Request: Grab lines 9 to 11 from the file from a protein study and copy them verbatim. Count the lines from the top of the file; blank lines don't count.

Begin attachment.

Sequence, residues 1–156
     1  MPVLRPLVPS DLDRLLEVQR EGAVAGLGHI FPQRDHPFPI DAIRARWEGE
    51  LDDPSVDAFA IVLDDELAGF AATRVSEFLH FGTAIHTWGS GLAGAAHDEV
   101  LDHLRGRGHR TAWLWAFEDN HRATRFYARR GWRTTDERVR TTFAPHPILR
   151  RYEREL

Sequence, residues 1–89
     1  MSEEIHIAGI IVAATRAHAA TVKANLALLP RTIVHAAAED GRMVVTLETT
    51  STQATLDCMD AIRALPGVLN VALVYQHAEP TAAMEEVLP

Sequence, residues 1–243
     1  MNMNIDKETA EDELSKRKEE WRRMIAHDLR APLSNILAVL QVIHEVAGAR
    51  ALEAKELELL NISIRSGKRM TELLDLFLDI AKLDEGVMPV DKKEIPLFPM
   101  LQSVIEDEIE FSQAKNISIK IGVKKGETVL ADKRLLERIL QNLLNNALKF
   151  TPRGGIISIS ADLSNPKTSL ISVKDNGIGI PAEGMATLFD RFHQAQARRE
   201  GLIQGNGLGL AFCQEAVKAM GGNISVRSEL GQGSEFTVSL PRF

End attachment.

Sequence, residues 1–243
     1  MNMNIDKETA EDELSKRKEE WRRMIAHDLR APLSNILAVL QVIHEVAGAR
    51  ALEAKELELL NISIRSGKRM TELLDLFLDI AKLDEGVMPV DKKEIPLFPM